Two aspects for higher education reform are key: a relaxation of central control, and opening up of the college admission process. The Development Plan specifically calls for the government to release central control, give universities autonomy, and allow presidents and faculty to run their schools.

The Development Plan states that it will change from the "one-exam-decides-all" method to a thorough evaluation of a student as a whole person using multiple tests and factors.

The plan is divided into four sections. Each section covers several chapters and each chapter includes numerous issues. Section One describes the plan's overall strategy. Section Two lays out missions to accomplish and goals to achieve. Section Three outlines the reform of the educational infrastructure. Section Four provides measurements to ensure implementation. Six chapters are devoted to specific measures, which include the following: strengthening the quality of teaching faculty; increasing the government funding of education to 4% of GDP by 2012; completing education laws and regulations; and ensuring every step of the reform meets the laws and regulations. In order to accomplish these missions and goals, the Development Plan encourages educational institutions to design their own reform programs and policies. (Guo-hua Wang ,April 20,2010)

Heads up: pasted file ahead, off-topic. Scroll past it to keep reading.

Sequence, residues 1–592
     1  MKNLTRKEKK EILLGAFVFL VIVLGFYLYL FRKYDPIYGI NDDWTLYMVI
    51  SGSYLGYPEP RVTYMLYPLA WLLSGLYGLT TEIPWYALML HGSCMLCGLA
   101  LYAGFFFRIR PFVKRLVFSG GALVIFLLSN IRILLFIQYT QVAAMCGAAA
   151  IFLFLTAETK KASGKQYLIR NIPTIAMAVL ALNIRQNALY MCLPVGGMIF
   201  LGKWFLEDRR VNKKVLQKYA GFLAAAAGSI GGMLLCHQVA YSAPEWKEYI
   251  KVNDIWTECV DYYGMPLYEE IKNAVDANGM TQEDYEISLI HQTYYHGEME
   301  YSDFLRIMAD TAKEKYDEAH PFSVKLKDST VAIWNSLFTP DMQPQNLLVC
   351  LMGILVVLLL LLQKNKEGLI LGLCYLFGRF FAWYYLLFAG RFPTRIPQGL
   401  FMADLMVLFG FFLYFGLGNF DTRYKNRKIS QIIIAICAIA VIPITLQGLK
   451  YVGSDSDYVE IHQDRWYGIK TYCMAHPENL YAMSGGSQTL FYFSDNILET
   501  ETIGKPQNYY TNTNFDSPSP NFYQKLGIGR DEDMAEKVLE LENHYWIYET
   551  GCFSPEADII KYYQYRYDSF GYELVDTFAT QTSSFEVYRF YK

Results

3.2 Reform Measures for American Higher Education

In his State of the Union address, President Obama laid out a blueprint for an economy that's built to last - an economy built on American manufacturing, American energy, skills for American workers, and a renewal of American values. As an important part of keeping the American promise alive, the President called for a comprehensive approach to tackling rising college costs. In today's global economy, a college education is no longer just a privilege for some, but rather a prerequisite for all.

Reforming student aid to promote affordability and value: To keep tuition from spiraling too high and drive greater value, the President will propose reforms to federal campus-based air programs to shift aid away from colleges that fail to keep net tuition down, and toward those colleges and universities that do their fair share to keep tuition affordable, provide good value, and serve needy students well. These changes in federal aid to campuses will leverage $10 billion annually to keep tuition down.